I caught both of these films the past week, Colombiana at the theater and Taken on blu-ray. The former was directed by Olivier Megaton, the latter by Pierre Morel, but it's the scenarist as auteur who interests me. Although both were co-written by Robert Mark Kamen, I mean the other scenarist who also served as the producer, Luc Besson. If there's something like pure cinema, Besson specializes in pure entertainment. He's unconcerned with any realworld attachment to his cinematic diegeses. His heroes exist in a hermetic reality where all the laws of physics are on their side, cooperating with whatever stunt they're performing, ensuring their success. The only moral code is to be the one performing the violence, not receiving it. This recently resulted in a protest from Colombian-Americans regarding the Besson-world Colombia, filled only with really bad drug dealers killing a couple of really bad drug dealers who happen to love their daughter. Loving little girls is about the only good act in Besson morality, no matter what else one might do for a living (cf. The Professional or Wasabi). Typically that love is expressed through teaching the girl how to perform violence (La Femme Nikita), or to use your professional killing skills to protect her (again, The Professional). In other words, love is violence.
The present examples are no exception: Taken is about a retired black ops hatchetman for the US going on a rampage through France to rescue his kidnapped daughter from Albanian slave-traders. Colombiana is about the aforementioned daughter from Bolota escaping to Chicago where she meets up with her assassin uncle, who trains her to be a hired killer -- the purpose of which is to eventually exact revenge on the people who killed her parents. Besson, of course, loves assassins, particularly of the young, lithe, winsome and female variety. But that's not what really sets his cornball action tales apart; it's his little flourishes of perversity that I'm calling the Besson Touch.
Consider Colombiana: (1) In trying to put across to his niece how the lack of a good education can lead to undisciplined violence, the uncle pulls out a huge revolver and shoots a random person driving by, causing mass chaos around a school. She chooses to go to school, lesson learned. (2) When one of the bad guys is trying to talk the girl into giving up a disc with damning info about his boss, she stabs a dagger through his hand. That's not perverse, I guess, but the fact that she pulls it from between her legs in an up-close shot is. (3) As an adult, our female hero needs the location of her target, which is known by the CIA. In order to enlist the aid of a basically decent FBI agent, she threatens to kill a member of his family each week until she has the location.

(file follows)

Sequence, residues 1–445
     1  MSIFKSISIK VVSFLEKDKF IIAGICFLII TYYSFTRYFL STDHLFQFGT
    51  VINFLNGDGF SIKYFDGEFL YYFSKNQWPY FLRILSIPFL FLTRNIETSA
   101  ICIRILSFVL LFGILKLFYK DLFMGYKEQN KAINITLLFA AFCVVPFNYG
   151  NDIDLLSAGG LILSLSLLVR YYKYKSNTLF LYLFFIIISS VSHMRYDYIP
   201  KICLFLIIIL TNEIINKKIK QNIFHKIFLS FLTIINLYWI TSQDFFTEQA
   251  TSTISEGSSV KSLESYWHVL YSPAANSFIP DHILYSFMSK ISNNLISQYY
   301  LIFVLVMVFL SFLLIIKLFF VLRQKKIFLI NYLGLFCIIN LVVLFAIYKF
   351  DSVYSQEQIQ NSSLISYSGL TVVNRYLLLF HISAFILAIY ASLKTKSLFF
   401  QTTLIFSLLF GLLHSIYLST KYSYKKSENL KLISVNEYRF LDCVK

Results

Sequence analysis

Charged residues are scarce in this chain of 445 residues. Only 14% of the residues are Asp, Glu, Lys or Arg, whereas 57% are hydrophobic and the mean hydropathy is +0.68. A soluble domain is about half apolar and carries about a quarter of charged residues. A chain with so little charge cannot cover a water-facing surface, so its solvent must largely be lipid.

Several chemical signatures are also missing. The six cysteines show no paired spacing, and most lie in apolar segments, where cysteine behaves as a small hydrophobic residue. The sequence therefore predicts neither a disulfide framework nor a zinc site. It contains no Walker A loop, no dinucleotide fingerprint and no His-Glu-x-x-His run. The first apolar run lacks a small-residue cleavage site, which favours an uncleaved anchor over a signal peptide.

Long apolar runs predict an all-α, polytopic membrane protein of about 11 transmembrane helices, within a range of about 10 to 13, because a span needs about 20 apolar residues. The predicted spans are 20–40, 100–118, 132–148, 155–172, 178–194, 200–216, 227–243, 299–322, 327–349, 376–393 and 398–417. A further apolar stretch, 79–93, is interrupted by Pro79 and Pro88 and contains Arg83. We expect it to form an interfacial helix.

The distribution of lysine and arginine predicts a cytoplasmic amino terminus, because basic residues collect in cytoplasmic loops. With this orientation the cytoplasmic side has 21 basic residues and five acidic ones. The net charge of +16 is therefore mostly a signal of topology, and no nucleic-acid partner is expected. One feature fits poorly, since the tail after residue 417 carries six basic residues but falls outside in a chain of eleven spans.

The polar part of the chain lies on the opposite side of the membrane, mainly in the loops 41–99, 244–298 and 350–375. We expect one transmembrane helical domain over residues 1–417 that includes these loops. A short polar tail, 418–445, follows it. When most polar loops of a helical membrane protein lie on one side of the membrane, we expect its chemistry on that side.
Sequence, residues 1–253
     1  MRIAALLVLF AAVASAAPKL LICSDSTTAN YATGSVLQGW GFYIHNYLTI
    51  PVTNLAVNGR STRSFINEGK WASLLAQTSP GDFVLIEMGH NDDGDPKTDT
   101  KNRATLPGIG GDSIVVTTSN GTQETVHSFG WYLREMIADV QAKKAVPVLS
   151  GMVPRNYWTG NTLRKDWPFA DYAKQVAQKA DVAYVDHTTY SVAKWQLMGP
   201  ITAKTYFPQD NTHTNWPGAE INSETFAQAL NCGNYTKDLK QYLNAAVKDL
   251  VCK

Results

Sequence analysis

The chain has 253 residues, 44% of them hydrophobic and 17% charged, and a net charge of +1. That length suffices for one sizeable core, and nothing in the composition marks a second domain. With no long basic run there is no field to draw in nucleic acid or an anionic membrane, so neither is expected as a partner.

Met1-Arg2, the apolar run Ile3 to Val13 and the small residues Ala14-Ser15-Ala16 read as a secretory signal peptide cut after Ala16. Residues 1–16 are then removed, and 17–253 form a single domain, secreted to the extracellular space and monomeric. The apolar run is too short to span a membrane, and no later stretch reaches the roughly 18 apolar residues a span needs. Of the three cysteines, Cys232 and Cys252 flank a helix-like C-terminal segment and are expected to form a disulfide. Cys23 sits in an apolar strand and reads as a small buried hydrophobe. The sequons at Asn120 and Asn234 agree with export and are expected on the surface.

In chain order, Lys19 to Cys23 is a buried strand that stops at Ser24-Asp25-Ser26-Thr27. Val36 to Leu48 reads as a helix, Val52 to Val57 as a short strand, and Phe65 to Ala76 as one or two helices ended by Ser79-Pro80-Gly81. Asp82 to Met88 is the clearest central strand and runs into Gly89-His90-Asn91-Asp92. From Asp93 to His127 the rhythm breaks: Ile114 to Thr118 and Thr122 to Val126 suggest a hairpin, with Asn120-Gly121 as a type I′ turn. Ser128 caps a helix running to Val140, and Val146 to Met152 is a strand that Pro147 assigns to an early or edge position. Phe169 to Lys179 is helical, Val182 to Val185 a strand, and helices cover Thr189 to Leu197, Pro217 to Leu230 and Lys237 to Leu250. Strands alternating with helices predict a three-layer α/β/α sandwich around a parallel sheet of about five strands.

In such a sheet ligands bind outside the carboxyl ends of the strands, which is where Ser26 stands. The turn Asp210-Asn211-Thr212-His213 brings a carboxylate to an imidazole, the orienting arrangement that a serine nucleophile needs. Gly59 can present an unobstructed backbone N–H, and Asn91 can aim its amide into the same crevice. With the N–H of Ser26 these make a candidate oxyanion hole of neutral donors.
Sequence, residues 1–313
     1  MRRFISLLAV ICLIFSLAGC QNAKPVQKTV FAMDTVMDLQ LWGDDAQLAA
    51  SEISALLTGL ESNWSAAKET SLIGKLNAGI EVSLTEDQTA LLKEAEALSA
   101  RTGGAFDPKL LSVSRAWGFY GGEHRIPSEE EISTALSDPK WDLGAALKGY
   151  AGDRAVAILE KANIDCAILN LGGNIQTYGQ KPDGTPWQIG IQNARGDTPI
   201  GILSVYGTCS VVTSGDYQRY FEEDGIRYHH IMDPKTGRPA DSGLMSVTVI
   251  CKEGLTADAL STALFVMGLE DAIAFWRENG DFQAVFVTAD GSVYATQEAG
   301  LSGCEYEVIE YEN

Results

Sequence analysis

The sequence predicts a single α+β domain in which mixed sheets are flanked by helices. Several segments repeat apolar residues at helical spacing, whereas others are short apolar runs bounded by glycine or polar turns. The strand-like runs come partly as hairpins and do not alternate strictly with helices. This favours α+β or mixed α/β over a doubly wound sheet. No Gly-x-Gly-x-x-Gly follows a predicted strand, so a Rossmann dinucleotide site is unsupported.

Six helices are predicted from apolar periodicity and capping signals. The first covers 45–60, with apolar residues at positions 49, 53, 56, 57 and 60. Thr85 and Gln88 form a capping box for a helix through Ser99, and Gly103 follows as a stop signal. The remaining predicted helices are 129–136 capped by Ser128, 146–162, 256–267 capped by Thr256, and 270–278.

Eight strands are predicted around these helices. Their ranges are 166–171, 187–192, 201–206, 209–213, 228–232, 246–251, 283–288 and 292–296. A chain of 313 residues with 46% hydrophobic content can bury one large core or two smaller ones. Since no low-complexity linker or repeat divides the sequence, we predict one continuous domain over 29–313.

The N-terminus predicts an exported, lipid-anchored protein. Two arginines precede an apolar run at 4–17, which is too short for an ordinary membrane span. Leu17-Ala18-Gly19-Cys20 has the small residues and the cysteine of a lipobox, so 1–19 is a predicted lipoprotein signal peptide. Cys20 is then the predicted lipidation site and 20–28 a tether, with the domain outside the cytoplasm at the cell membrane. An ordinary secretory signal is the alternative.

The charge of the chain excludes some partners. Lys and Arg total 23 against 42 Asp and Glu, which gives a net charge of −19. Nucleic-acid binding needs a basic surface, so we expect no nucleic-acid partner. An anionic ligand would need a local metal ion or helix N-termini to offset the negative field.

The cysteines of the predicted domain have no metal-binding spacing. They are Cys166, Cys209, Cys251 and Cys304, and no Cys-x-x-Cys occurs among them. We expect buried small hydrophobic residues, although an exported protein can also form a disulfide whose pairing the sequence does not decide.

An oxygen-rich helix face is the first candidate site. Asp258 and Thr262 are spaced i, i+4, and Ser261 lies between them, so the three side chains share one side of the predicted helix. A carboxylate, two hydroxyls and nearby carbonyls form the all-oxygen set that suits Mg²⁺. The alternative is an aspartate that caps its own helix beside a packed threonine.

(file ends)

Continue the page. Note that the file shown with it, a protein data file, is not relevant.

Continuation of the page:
Taken has two instances of the Touch, with the second a real doozy, surpassing any in Colombiana: (1) The hero doesn't just torture one of the slavers by electrically charging rods shoved through the dude's kneecaps in order to extract some information (if you haven't guessed, info extraction is a recurring motif in the Besson canon), he openly brags that this is the American way of torturing. But Besson isn't making a realworld critique here, just enjoying the bravado involved in the same way one might be entertained by John Wayne leading a cavalry. (2) An old French friend from the hero's assassin days has become a desk-sitting bureaucrat who knows something about the whereabouts of the slave-traders. The bureaucrat won't give up the info, because his bosses are tied somehow to the crime ring (all French officials are evil in this film, as are the Albanians). The hero doesn't just threaten his friend's family, but comes for dinner and shoots the guy's wife in the arm with the next one pointed at her forehead if no address is forthcoming. And the children are waiting targets in the other room. Before her European vacation, the daughter was living with her mom and wealthy stepfather. They both love her, but aren't willing to lay waste to Paris and shoot an innocent woman to save her virginity. Whatever problems the girl might've had with her father at the beginning of the film, she's daddy's girl by the end. That's Besson love.
I haven't seen all of his films, and maybe it's as elusive as the Lubitsch Touch, but details such as sympathetic slaughter, an occasional pedophiliac timbre, despicable heroes and the like all make what would be merely hackneyed plots in another's hands something special in Besson's. His goal is to have the audience explicitly rooting for depravity, without the pretend justifications of the average Hollywood vigilante film. We should feel dirty enjoying his films. He definitely deserves being called an action auteur.